H-1B Only Job Ad Posters Accused of Discrimination

By Deborah Rothberg  |  Posted 2006-06-20

The Programmers Guild, an IT worker interest group, has filed 300 discrimination complaints so far this year against companies alleged to have posted "H-1B visa holders only" ads on job boards.

"Abuse of the H-1B program has become so widespread that companies apparently feel free to engage openly in the practice. And we are only reviewing ads for computer programmers," Programmers Guild founder John Miano said in a statement June 19.

The actions have been filed with the U.S. Department of Justice, Office of Special Council for Immigration-Related discrimination, contending that specific employers have created "Americans need not apply" job postings on both Monster.com and Dice.com.

These job ads are accused of disregarding the Immigration and Nationality Act, which makes it illegal to discriminate against U.S. workers on the basis of immigration status.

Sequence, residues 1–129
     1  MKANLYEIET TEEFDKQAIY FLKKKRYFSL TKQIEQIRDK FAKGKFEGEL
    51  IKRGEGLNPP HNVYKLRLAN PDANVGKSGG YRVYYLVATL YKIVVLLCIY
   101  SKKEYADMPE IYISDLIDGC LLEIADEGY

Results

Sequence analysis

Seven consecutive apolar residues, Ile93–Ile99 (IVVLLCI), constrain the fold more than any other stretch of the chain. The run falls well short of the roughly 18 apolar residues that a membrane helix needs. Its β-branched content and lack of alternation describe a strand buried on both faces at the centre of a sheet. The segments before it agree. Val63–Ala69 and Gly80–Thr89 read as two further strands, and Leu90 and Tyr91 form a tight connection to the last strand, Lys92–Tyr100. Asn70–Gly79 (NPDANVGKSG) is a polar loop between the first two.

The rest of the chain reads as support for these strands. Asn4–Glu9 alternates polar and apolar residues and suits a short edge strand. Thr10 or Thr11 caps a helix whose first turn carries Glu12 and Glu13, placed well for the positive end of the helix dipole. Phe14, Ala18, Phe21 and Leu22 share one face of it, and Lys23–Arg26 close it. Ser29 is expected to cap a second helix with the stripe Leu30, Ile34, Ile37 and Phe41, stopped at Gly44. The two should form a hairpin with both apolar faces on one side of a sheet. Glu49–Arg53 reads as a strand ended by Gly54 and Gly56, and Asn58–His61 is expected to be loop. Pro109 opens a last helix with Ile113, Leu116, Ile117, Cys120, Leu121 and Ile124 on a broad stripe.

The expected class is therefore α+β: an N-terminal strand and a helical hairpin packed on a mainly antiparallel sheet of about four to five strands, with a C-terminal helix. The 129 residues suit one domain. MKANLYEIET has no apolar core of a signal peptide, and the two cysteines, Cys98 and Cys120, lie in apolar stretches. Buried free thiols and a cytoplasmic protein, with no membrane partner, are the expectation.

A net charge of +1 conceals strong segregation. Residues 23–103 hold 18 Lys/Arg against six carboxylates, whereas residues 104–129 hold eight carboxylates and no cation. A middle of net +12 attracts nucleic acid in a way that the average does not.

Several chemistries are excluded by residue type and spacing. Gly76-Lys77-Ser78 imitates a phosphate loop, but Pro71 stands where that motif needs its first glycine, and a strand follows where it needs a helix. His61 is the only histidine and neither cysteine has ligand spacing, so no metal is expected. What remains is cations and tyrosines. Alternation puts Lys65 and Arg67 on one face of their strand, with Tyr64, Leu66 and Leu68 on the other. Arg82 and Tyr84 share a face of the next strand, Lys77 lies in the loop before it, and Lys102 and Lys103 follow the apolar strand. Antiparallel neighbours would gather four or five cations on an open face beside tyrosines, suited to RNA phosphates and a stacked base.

Miano cites examples from postings on Dice.com and Monster.com in a release, with lines such as "We require candidates for H1B from India" and "We sponsor GC [green card] and we do prefer H1B holders."

Several of the ads included free training and interview preparation, according to the complaint, while others included more flagrantly illegal maneuvers.

"We have postings for arrangements where the employee finds his own work and the employer takes a cut of the earnings. Many high-tech companies obtaining H-1B visas operate out of apartments and Mailboxes Etc.," said Miano.

Miano said he considers the offers to teach foreigners particularly offensive in light of the fact that nearly half the money collected from H-1B visa fees is given to training programs to bring U.S. workers skills up to speed.

The U.S. Citizenship and Immigration Service announced June 1 that the 65,000 H-1B visa supply has been exhausted for the 2007 fiscal year, four months before new ones would be made available.

This news came on the heels of the U.S. Senate passing the immigration reform bill May 25, which included a provision to raise the H-1B visa cap to 115,000 from 65,000.

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